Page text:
Home / Cape Coral treating blue-green algae bloom in a canal system

Cape Coral treating blue-green algae bloom in a canal system

Reporter: Gail Levy Writer: Matthew Seaver
Published: Updated:

A blue-green algae bloom has been detected in the Boris Canal system in Cape Coral. The bloom covers 20 acres and six canals.

The Department of Health is putting up signs with warnings about the health risks associated with blue-green algae blooms, and the city is already looking at treating it.

The algae bloom, and the warning signs are in Michael Rey’s backyard.

“It concerns me that it’s in there, but it would concern me even more if the city knew about it and didn’t do anything about it,” said Rey.

Cape Coral is certainly doing something about it. The city hired Bill Kurth and his company, Solitude Lake Management, to turn the little green gunk into something that won’t leave you in a funk.

“When they see our guys out here, they will be wearing a full Tyvek suit and face shield, and it’s mainly to keep it out of their eyes,” said Kurth.

Kurth said don’t be scared of these chemicals and guys in full-body suits. Once the peroxide-based algaecide is mixed in the water, he promised it’s safe for the environment.

“This particular one will raise the oxygen levels as were applying it, so there is no real risk for fish kill or anything else. And the really great part is once it’s done, it breaks down into hydrogen and oxygen, and there’s really no residue,” said Kurth.

Rey says hallelujah to that. The last thing he wants is a fish kill in his backyard.

“There’s a lot of bluegills and bass in these things, so I’d hate to see that get destroyed by anything,” said Rey.

Does this algaecide get everything? Kurth is hoping this job is one and done.

“You can never guarantee 100% control. If necessary, we can do another treatment, but I don’t anticipate that. We’re trying to get this controlled in one shot,” said Kurth.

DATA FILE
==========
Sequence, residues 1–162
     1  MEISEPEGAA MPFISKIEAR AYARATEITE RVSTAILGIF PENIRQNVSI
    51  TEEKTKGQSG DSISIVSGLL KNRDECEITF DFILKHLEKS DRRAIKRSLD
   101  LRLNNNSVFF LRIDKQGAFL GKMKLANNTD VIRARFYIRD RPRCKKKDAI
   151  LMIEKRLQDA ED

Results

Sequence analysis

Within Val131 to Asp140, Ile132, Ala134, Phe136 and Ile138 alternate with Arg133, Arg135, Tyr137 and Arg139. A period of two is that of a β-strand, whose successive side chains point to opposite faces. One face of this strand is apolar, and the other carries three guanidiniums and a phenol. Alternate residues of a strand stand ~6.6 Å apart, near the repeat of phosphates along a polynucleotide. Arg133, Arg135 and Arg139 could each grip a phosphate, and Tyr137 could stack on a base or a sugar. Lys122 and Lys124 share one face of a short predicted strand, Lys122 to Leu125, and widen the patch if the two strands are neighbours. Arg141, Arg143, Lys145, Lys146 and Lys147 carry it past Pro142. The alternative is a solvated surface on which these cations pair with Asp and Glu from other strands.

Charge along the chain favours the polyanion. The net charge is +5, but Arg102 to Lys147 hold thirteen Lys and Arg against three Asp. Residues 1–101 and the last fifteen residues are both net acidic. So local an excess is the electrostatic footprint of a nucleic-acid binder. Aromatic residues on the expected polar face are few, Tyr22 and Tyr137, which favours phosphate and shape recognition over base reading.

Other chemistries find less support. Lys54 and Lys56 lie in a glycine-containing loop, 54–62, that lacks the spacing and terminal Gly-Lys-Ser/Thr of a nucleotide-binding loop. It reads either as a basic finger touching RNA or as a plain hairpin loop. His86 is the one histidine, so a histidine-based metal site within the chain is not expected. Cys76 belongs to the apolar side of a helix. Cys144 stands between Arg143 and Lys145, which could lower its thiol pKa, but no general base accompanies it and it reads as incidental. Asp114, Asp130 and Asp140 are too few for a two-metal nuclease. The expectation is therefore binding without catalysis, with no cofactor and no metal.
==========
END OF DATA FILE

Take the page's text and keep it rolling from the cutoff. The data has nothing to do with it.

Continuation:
The city said the spray will begin within the next week. They’ve also sent out a reminder about fertilizer restrictions starting June 1.

With the rainy season now here, runoff from a fertilizer with phosphorous or nitrogen can add excess nutrients to the water, meaning more algae blooms.

In Florida, Blue and green are usually good things, But not In the water.

“We’re still in dry season. So there’s a lot of standing water that’s just sitting there. And for some reason that seems to support blue green algal blooms,” said Dr. Mike Parsons, with FGCU’s Water School.

The standing water in the Boris Canal system is getting a taste of that bloom, but this freshwater canal doesn’t flow in or out of any body of water.

WINK News asked Dr. Parsons how is it blooming?

“Maybe it’s leaf litter, maybe it’s lawn clippings, it might be at the bottom of the canal, maybe it’s fertilizer use nearby,” said Parsons.

The City of Cape Coral thinks it’s even some of the rapid housing growth in this area. They wrote up a water quality report with this list of possible reasons, and in the same report they listed a solution for the algae. A peroxide-based algaecide that crews with Solitude Lake Management will spray into the water.

“It’s really a very strong oxidizer so you’re really breaking it down kind of with oxygen and it gives very rapid results,” said Kurth.

So will that get rid of all of the specs of little green gunk? Dr. Parsons says likely not, but that’s not such a bad thing.

“They take up nutrients, so they help remove the nutrients out of the water. So they are good. But a problem is when they get out of control. Just like kids, children are good until they get out of control, which we all know is far too often,” said Parsons.